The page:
Rejection

Rejection and Listening to the Right Voice

I love hearing about surprise best-sellers. Those books that no one thought would sell, that the pros in publishing turned down, and that then went on to become bestsellers. Even classics.

Anyone who has been in publishing for a considerable time has his or her story. The book we turned down. The one that went on to take the best-seller list by storm. Some surprise hits were published to fill an obvious need, but weren’t expected to do much (see #1 below). Others gathered an impressive pile of rejections from the pros, the folks who “know the market.” And indeed, these folks do know the market. But what they/we can’t do is predict it. Readers always have, and always will, surprise us.

  1. Guess what title was the best-selling book of 2012 in the oh-so-secular country of Norway? The Bible. A new Norwegian translation, to be exact. How’s that for a surprise hit?
  1. Everyone who’s read Chicken Soup for the Soul, raise your hand. That book was rejected 150 times. But authors Canfield and Hansen didn’t quit—and the book has now sold over 125 million copies. (That’s a LOT of hands!)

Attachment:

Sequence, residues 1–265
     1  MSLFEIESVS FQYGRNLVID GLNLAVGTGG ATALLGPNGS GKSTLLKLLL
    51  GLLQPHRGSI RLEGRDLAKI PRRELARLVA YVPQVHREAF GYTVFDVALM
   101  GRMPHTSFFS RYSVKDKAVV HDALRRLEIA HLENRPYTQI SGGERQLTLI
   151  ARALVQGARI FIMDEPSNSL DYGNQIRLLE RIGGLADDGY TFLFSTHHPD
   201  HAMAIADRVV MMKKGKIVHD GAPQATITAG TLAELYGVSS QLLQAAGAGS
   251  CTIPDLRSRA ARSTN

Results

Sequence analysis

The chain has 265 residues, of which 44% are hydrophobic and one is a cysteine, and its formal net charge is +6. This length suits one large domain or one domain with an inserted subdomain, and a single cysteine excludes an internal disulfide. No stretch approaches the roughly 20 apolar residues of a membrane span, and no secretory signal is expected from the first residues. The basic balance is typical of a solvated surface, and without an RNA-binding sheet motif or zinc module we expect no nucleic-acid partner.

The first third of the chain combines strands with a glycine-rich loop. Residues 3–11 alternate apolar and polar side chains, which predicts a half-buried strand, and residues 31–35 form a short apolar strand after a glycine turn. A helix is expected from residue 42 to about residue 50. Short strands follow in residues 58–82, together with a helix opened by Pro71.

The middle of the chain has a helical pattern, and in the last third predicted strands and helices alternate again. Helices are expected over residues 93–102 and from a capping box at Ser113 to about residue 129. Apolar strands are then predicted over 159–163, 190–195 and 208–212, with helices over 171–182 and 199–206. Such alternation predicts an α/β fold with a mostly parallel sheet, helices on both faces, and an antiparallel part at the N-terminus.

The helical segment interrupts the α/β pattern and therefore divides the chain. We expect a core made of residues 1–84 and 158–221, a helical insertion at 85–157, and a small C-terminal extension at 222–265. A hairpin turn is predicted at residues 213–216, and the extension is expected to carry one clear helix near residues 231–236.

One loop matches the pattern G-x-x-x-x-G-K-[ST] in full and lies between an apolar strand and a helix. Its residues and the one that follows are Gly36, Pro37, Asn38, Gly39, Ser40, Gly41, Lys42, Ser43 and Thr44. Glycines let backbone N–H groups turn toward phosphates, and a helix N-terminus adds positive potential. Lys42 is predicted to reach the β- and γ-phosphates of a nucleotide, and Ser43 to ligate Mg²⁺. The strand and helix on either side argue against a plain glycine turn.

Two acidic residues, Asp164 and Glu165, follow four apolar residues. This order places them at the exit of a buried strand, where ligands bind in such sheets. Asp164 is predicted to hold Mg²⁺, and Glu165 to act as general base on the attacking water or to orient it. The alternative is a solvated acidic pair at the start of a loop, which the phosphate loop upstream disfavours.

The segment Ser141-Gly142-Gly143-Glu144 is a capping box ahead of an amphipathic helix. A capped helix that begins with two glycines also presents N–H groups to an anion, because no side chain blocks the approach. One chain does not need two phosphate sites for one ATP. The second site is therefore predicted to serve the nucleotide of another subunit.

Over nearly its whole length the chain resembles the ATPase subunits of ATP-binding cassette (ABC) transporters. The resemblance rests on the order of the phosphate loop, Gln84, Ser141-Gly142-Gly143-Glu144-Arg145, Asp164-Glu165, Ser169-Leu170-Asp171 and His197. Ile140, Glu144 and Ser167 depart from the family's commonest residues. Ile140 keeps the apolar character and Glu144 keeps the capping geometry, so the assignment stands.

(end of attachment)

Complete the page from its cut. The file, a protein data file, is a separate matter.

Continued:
1. Surprises are happening right now. The Rabbit Who Wants to Fall Asleep—an indie Children’s picture book by Carl-Johan Forssén Ehrlin, which promises it can send any child off to sweet slumber, sold 800 copies the week of August 16, 2015. The week of August 23, 2015? It sold 29K print copies! According to Publisher’s Weekly, it’s “rumored that world English rights to the book…were acquired by Random House for seven figures.”
  1. Twenty-Six publishers told Madeline L’Engle A Wrinkle in Time was a loser. When she finally found a publisher, her book was honored with the 1963 Newbery Medal and now boasts over 8 million sales worldwide. (I love this book and it’s sequels. Seems to me the real losers were those 26 publishers…)
  1. The biggest surprise so far of 2015, though, has been Clever Polly and the Stupid Wolf by Catherine Storr. This children’s book was written…wait for it…in the 1950s! Puffin Books rereleased it at the beginning of July, and the book has not only topped the children’s best-seller list, but it has outsold popular adult titles, including The Girl On The Train, the acclaimed thriller by Paula Hawkins.
  1. Back in 1996, not even author Dava Sobel expected her book, Longitude: The True Story of a Lone Genius Who Solved the Greatest Scientific Problem of His Time, to accomplish much in sales. After all, it was a book about…well, longitude. But when it released in 1996, it took off, hitting The New York Times best-seller list, and staying there for at least 6 months. (Just goes to show you that if you find a great story and tell it well, readers will respond.)